After much trepidation, Nana and Popo reached the apogee, and encountered the dreadful beast of their nightmares. It would be wrong to recount an epic battle, hammer against talon silhouetted against an icy winter sunset. No, at this point the pair just wanted the deed done, so Popo leapt, recaptured the eggplant, and hurried back to the village. It was laborious, it was treacherous, some even claimed it was suicidal, but Nana and Popo did return, vegetables in hand, and all was well.
Except the job was not done. By the calculations of the village accountants, a mere 3.1% of the village’s crops had been recovered. That condor was hiding more food on other mountains, and, having already proven their courage and skill, Nana and Popo were tasked with retrieving every last gourd and green.
Each mountain was more difficult than the last. Some peaks featured icy trails that seemed to push Popo back as he advanced. Other cliffs required Nana to balance herself on the clouds themselves for footing, if only for a short time. The white bear’s pursuit allowed no time for even the briefest of respites. The topi grew in number, their continuous compulsion to impede the twosome’s rise sapping whatever optimism they once had.
Despite it all, Nana and Popo conquered mountain after mountain, besting the condor each time, until it became a second nature for both of them. It was a difficult climb, but it had come to be almost comforting in its repetition. The Ice Climbers came to know their foes better than their friends in the village. None of the creatures on these mountains were pleasant, mind you, but they were familiar, and, like the snow that brought peace in the form of tranquility or death, they were a part of each other’s world. Finally, Popo retrieved every last eggplant, carrot, cabbage, cucumber, corn, turnip, pumpkin, napa, potato, and mushroom, and ventured back from the final mountain.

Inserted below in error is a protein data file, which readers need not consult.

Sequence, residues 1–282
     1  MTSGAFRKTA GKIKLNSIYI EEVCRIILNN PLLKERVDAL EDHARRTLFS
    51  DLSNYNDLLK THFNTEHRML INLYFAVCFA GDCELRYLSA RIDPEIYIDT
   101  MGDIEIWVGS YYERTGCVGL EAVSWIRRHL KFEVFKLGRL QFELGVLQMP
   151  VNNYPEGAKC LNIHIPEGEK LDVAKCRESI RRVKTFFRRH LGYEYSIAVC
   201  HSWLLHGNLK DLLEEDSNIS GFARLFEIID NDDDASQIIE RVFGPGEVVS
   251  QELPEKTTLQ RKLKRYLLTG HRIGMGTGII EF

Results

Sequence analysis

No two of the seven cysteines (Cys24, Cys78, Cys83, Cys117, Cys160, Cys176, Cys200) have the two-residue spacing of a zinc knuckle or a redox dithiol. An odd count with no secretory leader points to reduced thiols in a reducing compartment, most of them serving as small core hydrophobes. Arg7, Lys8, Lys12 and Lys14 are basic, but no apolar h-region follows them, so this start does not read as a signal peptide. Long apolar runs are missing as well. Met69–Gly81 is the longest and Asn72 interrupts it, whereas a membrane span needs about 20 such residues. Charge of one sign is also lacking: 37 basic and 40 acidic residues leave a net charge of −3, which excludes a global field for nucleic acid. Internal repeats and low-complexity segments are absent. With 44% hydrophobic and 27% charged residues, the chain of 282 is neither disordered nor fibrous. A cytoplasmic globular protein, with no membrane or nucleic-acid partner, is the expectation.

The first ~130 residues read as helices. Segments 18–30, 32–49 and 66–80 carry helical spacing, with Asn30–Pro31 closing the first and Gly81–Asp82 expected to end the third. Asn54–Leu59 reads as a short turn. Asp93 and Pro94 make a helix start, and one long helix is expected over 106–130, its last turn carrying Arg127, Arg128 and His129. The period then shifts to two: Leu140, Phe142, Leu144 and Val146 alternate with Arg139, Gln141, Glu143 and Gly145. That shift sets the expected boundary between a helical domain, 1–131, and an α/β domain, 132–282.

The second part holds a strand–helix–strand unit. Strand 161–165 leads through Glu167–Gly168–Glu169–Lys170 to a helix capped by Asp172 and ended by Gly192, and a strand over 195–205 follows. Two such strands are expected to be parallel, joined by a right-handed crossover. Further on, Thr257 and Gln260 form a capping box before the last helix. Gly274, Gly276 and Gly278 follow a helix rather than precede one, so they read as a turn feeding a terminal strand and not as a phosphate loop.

And Popo wept, for there were no more peaks to conquer.
The village was saved, but Nana and Popo could no longer go home again. The mountains had not claimed their life, but it had claimed their lives. As Spring came, and the time of parkas receded, the legendary Ice Climbers ventured back to the mountains, this time not to scale the heights, but to build a home, to build a new life there, at the base of the cliffs that had brought them together. No one else would understand, no one else could grasp what they had been through. They would be together there, forever, and if that condor tried his same tricks again next Fall? Well, twin hammers would be ready and willing to climb.
FGC #10 Ice Climber
- System: Nintendo Entertainment System
- Number of Players: 2 players, simultaneous, which is always nice.
- Favorite Ice Climber Vegetable: Potato
- So it’s come to this, Ice Climber fanfic? Yes. It was either that or my stunning creation: the Ice Climber theme song.
- Is this “Ice Climber Theme Song” just the Clayfighter theme song, but with the words “Ice Climbers” in place of “Clayfighter”? …. Yes.
- Did you know? Ice Climber was the pack-in game for the NES in some areas of Europe. This is exactly why the Master System is so popular over there.
- Would I Play Again? %^$ no.
What’s Next? Random ROB has chosen… Lucha Libre Heroes Del Ring. I’m not even sure that’s a real game, ROB. Are your language subroutines degrading or something? I think you might need a diagnostic. Please look forward to it!